With the United States birthrate at an all-time low and the lifetime fertility rate per woman at 1.89 kids each, some are looking for ways to return the birthrate to replacement level (2.1), where it stood before the current decline began in 2008. Some countries facing low birthrates offer payments for kids, while others hope that an improved job market will bring an upswing.
In the United States, some see the low rate as a bargaining chip for better services to families. Countries with better childcare and family support services have higher birthrates, goes the argument--so if we want higher birthrates, we should improve our services to kids and families too. Even conservatives like economist Gary Becker are talking in the New York Times about "combat[ing] low fertility by subsidizing education and other costs of children," noting that "subsidies have to be big per child to have a sizable effect."
Loads of happy, well-educated kids are always a compelling concept, and more family subsidies like good, affordable childcare, better K-12 education and better work/life policies will pay off directly in terms of workforce skills in the short and long term (for parents and for kids). There's a strong argument for putting such services in place immediately for the sake of our citizenry's happiness, our national skills pool, and our democracy, which demands an educated electorate.
But a replacement level fertility rate can't be a goal in itself, and a lower birthrate is not the problem scare stories suggest. Even setting aside for the moment the real environmental concerns of increasing the birthrate, women's lives and careers would be most directly affected by any "family policy" decisions. Putting pressure on young women to have kids and step out of the education pipeline would not be a good strategy, nor is it likely to be successful. The examples of Germany, Japan and Italy demonstrate that without a back-up structure of respect for female workers, such policies fail.
Policy-makers could learn from the new scripts that women are writing and enacting, which allow women to participate more consistently in the workforce and in social decision-making.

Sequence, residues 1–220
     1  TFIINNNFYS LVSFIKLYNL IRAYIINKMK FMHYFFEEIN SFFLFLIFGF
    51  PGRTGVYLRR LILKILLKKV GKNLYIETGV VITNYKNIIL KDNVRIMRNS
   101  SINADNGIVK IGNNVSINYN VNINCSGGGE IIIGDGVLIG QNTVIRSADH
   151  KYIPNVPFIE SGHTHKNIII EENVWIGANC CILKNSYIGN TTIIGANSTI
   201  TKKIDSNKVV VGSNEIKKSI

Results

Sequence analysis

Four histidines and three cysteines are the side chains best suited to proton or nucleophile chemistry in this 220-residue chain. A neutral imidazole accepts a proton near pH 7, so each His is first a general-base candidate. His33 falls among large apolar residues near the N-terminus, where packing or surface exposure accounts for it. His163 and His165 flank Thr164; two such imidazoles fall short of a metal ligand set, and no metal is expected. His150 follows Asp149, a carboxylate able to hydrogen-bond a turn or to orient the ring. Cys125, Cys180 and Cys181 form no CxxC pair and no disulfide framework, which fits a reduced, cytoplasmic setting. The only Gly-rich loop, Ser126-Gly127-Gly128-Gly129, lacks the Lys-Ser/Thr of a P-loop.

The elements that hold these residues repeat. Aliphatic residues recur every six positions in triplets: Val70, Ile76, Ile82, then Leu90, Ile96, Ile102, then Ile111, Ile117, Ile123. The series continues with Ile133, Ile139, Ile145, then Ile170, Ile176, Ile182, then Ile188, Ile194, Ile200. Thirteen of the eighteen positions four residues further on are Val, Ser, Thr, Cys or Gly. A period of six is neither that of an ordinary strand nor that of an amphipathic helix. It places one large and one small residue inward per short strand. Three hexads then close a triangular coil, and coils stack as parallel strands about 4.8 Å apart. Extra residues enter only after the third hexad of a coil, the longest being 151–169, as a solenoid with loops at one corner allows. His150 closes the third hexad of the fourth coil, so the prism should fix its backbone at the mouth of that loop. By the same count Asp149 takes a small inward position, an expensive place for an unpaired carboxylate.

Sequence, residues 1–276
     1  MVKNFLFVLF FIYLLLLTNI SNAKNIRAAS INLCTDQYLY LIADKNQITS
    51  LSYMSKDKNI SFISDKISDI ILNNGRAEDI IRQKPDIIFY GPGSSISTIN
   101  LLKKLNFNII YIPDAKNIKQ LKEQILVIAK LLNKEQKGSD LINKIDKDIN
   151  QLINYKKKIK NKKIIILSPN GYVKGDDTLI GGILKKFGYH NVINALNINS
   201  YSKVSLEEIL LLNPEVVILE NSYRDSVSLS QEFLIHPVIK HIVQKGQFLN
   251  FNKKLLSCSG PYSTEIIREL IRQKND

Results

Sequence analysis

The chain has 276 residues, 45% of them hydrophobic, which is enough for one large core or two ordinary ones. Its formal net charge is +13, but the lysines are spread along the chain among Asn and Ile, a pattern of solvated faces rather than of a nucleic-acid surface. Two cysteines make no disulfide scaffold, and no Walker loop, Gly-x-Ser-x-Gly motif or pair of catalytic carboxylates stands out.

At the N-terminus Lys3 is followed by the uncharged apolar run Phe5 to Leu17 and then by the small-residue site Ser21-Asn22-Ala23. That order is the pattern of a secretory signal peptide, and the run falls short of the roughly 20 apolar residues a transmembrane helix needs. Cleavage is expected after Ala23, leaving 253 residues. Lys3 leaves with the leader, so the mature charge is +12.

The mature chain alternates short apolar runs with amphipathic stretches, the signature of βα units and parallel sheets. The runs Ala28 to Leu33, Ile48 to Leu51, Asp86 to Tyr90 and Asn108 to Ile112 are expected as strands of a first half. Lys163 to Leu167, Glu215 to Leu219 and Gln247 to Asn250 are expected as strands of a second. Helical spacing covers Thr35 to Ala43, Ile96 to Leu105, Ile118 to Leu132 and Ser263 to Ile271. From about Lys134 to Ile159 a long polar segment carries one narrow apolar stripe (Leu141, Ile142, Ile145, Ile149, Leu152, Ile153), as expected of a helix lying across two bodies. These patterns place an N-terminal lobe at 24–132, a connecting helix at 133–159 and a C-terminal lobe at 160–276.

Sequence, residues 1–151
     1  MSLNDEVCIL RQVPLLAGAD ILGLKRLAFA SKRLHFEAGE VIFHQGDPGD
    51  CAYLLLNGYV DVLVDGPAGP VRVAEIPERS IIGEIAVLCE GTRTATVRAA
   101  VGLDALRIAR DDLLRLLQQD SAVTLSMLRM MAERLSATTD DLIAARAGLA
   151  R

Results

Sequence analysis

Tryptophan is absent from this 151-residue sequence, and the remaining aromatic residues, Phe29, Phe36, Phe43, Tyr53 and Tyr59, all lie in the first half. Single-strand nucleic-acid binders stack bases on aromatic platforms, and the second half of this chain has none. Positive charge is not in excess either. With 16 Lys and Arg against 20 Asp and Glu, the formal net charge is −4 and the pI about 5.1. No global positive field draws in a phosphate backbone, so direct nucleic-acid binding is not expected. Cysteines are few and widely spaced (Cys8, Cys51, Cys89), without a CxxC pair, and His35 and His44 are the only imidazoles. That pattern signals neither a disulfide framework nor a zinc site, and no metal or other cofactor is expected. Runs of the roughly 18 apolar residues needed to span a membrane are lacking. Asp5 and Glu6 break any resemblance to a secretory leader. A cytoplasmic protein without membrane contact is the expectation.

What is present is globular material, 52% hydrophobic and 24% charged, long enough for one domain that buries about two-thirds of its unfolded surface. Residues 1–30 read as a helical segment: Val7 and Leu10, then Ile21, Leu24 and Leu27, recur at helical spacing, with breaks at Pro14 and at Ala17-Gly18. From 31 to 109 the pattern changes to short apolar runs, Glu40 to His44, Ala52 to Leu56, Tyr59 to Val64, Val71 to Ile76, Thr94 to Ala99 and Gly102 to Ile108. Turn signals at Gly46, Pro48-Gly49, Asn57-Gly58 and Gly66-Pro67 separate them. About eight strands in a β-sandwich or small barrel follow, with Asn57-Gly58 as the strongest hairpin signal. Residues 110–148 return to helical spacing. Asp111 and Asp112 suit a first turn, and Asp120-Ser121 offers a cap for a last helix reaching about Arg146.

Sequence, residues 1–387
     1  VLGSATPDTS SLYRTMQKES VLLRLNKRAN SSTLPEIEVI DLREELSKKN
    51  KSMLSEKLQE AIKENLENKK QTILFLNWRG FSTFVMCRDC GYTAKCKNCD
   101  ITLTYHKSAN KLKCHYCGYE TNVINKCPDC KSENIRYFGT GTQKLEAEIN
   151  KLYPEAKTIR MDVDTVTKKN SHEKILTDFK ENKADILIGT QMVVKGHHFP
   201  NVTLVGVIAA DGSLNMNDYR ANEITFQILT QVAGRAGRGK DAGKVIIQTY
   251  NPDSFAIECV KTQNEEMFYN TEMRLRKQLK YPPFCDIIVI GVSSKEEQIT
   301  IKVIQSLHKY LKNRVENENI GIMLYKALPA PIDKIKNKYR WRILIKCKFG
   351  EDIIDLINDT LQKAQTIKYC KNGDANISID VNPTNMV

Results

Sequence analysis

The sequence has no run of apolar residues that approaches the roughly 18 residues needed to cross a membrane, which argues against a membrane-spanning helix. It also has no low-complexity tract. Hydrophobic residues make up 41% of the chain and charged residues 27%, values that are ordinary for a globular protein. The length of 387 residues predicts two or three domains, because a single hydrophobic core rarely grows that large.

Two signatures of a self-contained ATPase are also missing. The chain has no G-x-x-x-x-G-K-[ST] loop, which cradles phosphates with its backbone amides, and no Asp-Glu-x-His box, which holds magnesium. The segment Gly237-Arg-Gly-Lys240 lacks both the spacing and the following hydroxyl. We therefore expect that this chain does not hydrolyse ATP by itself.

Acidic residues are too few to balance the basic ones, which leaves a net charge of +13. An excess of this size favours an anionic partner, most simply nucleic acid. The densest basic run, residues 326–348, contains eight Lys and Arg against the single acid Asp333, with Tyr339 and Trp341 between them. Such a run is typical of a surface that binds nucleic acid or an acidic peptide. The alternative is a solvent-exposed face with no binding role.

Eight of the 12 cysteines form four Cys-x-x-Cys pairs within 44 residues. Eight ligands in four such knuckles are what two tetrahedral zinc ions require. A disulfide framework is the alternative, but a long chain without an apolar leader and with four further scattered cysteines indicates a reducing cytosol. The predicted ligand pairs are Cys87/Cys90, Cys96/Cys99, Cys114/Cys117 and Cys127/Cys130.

When the recession added cuts in jobs and available credit to the difficulties already posed for childrearing by gendered pay inequities and high childcare costs, what was a poor girl to do? For many it was a choice between her money or her family life, in the short term. Birth control was the logical next step, and the birthrate plunged between 2008 and 2011, hitting and then maintaining that lowest rate in U.S. history in 2012 for the second year running (63.2 births per 1,000 women ages 15 to 44). The fall in the rate was overwhelmingly due to declines in births to younger women, going to college in larger numbers and positioning themselves to better afford kids later. What we've seen is not so much a decline in the number of women who have kids over their lifetimes, or even necessarily in the number of kids they have, as it is the time-lag effect of postponement. (See this CCF fact sheet and this background piece.)
These declines make sense, and signal good things for the U.S. workforce, both in terms of the skills of the young women delaying family now and of their kids down the line. Delay is a class- and education-elevator for the whole family. But fewer births in the short term make some nervous that young women may never get around to having them at all, or not enough ("enough" being variously defined by different judges, but hard to predict accurately given the quick rise in automation of many positions).
Within the fast-shifting work scene, women are making responsible decisions. For decades, budget-conscious families have been figuring out on their own that they benefit substantially when they wait. Per recent work by economist Amalia Miller, for every year that she delays the birth of her first child, the average college graduate woman adds about 12 percent to her long-term earnings. So a woman who has her first child at 30 (that's average for a grad--even the extraordinary Kate Middleton's entirely normal at 31) will make about twice as much over her career as she would if she had her first upon graduation at 22 (12 percent x 8 = 96 percent). There's no surprise here for American women, who have been delaying their first children at steadily increasing rates for decades. Since the math keeps right on going (and, for instance, 12 percent x 16 = 192 percent), you can see the logic that leads so many women to start their families in their late 30s.
It doesn't take a college degree to figure out that higher pay puts families in better positions to provide for kids, when they do arrive. A woman is also much more likely to be married or partnered for the long term at 30 or higher than at 22, which means shared caregiving and a second income, all of which also make childrearing easier. Everybody loses when the women in their families earn less. It's not just a women's issue.